Florida Makes Major Changes to Comparative Negligence Law
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On March 24, 2023, Florida Governor Ron DeSantis signed into law one of the most significant tort reform bills in Florida history, HB 837. This new law makes sweeping changes to long-standing Florida civil tort law in numerous areas related to negligence, insurance bad faith and related rules of evidence, among others. This blog addresses a major change to Florida’s longstanding comparative negligence law, which moved Florida from a pure comparative negligence state to a modified comparative negligence state. This change will have major implications for damages allocation in all negligence claims where the plaintiff may be found partially at fault for the incident resulting in the plaintiff’s damages.
What is Comparative Negligence?
Comparative negligence is a doctrine in the law that provides that when both the plaintiff and the defendant are guilty of negligence that is, in some degree, a legal cause of the injury to the plaintiff, the plaintiff’s claim is not defeated entirely. Instead, in assessing damages, the jury awards the plaintiff the damages that the jury determines the negligence of the defendant caused to the plaintiff. For example, if the jury finds that the defendant is 75% at fault for the damages, and the plaintiff is 25% at fault, the plaintiff is only able to recover 75% of the plaintiff’s damages, as the 25% caused by the plaintiff himself is not recoverable.
Florida adopted the comparative negligence doctrine in 1973, in the Florida Supreme Court’s opinion in Hoffman v. Jones, 280 So. 2d 431 (Fla. 1973), in which the court abolished the prior doctrine of contributory negligence, which held that if the plaintiff’s damages were caused by any portion of plaintiff’s own negligence, the plaintiff could not recover any damages. The Florida Supreme Court adopted the “pure form” of comparative negligence, stating that it was “the most equitable method of allocating damages in negligence actions.” Id. at 139.
Under the “pure comparative negligence” doctrine in place in Florida since 1973, and codified at section 768.81, Florida Statutes, “each party is apportioned liability based on its percentage of fault.” Although it was acknowledged by the Florida Supreme Court in Hoffman that pure comparative negligence could result in a plaintiff that was more responsible for the accident recovering damages from a defendant that was less responsible for the accident, it reasoned that doctrine of comparative negligence was designed to determine each party’s liability based on the damages they caused rather than the damages they suffered. Id. at 139.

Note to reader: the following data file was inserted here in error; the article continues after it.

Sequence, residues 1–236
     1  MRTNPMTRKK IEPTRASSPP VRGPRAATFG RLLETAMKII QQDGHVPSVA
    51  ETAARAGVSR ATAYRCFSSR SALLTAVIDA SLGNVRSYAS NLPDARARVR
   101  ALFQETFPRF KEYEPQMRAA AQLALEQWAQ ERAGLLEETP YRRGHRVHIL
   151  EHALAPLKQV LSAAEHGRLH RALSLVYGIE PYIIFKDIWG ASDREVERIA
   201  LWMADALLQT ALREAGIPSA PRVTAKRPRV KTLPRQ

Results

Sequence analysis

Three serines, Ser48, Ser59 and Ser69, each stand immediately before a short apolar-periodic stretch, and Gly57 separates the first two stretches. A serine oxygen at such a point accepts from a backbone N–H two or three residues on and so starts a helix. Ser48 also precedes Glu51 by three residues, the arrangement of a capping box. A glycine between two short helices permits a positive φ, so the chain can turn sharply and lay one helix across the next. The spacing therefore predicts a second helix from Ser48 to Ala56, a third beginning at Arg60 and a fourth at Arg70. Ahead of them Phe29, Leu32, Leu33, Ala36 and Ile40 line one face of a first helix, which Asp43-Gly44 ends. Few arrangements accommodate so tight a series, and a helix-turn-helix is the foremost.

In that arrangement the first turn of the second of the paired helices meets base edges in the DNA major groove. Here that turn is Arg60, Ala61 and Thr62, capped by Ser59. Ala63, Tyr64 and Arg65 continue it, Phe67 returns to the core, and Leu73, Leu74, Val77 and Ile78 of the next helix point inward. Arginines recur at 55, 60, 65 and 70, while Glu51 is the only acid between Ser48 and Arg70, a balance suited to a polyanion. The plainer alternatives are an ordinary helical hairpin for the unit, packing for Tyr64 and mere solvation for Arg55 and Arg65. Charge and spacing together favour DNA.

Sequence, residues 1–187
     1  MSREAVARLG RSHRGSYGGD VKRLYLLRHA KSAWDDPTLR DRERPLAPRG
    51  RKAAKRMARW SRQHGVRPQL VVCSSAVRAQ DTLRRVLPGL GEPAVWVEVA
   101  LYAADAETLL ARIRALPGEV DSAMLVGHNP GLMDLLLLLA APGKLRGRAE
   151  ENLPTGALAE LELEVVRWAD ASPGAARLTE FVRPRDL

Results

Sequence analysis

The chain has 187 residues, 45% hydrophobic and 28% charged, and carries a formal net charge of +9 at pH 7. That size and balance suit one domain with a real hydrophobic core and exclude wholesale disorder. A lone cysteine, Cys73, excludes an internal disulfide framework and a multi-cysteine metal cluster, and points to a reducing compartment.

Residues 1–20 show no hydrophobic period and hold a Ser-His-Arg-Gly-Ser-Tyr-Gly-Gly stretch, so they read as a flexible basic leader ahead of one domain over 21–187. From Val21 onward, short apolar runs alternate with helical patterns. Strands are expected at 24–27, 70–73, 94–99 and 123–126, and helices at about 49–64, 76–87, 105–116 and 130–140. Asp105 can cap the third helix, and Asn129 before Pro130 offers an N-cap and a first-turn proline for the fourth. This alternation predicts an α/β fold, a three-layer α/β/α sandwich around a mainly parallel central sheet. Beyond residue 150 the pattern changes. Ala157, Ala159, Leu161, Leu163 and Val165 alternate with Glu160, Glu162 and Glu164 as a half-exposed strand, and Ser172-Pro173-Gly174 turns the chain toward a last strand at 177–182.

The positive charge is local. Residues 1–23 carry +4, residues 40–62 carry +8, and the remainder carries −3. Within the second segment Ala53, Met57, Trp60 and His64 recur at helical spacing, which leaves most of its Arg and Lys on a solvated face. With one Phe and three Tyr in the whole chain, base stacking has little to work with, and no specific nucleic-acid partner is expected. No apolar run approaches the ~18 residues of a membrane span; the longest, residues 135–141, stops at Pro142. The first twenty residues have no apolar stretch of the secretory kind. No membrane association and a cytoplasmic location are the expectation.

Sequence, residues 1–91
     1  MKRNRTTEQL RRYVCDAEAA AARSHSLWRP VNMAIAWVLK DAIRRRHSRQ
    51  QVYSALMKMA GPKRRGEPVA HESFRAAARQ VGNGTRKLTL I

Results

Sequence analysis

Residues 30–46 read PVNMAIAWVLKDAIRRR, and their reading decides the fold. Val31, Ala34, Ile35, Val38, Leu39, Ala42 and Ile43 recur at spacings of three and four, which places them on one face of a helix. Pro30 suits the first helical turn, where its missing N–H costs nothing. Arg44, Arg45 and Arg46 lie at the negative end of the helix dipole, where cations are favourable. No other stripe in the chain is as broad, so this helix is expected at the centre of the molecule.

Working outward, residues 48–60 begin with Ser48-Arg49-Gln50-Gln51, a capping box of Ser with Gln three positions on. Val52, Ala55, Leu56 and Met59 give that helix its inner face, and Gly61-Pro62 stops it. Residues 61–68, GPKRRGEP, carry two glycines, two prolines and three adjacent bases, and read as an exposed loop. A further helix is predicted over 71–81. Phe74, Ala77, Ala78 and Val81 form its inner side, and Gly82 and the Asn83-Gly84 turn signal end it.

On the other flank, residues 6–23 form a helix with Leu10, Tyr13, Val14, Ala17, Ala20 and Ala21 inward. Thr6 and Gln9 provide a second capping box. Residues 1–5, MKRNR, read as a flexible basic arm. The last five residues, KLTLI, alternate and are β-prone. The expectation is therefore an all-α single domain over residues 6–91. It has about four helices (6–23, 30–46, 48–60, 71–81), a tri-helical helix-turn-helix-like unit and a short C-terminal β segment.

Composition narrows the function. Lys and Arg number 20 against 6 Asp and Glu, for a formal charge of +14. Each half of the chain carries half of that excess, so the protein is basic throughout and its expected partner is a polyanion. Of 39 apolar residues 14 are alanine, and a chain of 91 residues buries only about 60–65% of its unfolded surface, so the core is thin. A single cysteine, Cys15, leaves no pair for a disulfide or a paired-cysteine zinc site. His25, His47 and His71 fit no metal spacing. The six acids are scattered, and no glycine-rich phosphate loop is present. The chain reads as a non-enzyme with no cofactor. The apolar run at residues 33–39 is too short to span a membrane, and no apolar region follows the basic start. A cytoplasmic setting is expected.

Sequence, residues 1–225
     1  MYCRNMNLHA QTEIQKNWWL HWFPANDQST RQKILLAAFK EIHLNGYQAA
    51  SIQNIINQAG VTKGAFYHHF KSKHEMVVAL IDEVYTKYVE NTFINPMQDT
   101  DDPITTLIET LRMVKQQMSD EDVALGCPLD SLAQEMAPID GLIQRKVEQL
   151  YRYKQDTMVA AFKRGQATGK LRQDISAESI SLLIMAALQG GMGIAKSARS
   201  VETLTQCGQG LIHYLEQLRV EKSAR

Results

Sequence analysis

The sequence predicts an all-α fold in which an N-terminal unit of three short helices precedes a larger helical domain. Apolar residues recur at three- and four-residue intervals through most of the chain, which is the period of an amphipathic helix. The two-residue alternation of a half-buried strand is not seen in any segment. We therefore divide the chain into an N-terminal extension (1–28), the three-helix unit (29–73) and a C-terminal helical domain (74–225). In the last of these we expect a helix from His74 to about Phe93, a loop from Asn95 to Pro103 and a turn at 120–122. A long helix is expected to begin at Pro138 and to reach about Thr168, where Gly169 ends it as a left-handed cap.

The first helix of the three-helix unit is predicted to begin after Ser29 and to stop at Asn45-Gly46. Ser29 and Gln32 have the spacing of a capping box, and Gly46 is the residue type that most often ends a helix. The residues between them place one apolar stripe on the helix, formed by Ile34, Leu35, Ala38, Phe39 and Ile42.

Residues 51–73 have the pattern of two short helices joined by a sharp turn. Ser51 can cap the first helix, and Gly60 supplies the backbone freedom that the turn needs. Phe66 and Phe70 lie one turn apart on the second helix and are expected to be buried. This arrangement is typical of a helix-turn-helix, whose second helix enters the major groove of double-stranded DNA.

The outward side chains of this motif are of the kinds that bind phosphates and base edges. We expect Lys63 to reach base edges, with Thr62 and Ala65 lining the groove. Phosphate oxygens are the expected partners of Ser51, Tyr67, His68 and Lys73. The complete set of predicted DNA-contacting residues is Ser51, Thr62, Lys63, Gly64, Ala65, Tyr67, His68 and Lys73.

How Did Florida’s Comparative Negligence Law Change?
For the past 50 years since 1973, Florida has been a pure comparative negligence state. However, effective March 24, 2023, section 768.81, Florida Statutes, was amended to change comparative negligence in Florida to a modified comparative negligence standard, rather than pure comparative negligence. It did so by adding subsection (6) to the statute as follows:
(6) Greater percentage of fault. — In a negligence action to which this section applies, any party found to be greater than 50 percent at fault for his or her own harm may not recover any damages. This subsection does not apply to an action for damages for personal injury or wrongful death arising out of medical negligence pursuant to chapter 766.
In other words, in all negligence actions other than for medical malpractice, if the plaintiff is found to be more than 50% at fault, the plaintiff cannot recover any damages. This modified comparative negligence standard is a major change in Florida law, as previously under the pure comparative negligence standard, even if a plaintiff was found to be more than 50% liable for his or her own negligence, say 55% for example, the plaintiff’s damages would be reduced by 55%, but the plaintiff could still recover from the defendant for the other 45% of the plaintiff’s damages. Now, in that same example under a modified comparative negligence, the plaintiff could not recover any of the plaintiff’s damages, even though the defendant was 45% responsible for plaintiff’s damages.
Although this is a major change in Florida tort law that will have a significant effect on Florida negligence cases moving forward, Florida is now joining the majority of approximately 34 other states that have some form of modified comparative negligence law.
What Claims Does This Change Effect?
The change in Florida to a modified comparative negligence standard affects all negligence claims in Florida, other than claims for medical malpractice, which were exempted in the new statute and to which pure comparative negligence will still apply. The change applies to all negligence lawsuits that are filed after the effective date of H.B. 837, which was March 24, 2023. Negligence lawsuits filed prior to that date should still be under the pure comparative negligence standard, but those filed after March 24, 2023, will be subject to the new modified comparative negligence standard.
The change to Florida’s longstanding pure comparative negligence standard to the new modified comparative negligence standard is a major change affecting Florida tort law. Generally speaking, a plaintiff that files a negligence suit after March 24, 2023, will not be able to recover any damages if the plaintiff is found to be more than 50% responsible for the damages sought. Both injured parties, and defendants (and their insurers) need to be aware of this major change to Florida’s tort system that will have widespread effect on the award of damages for negligence in Florida.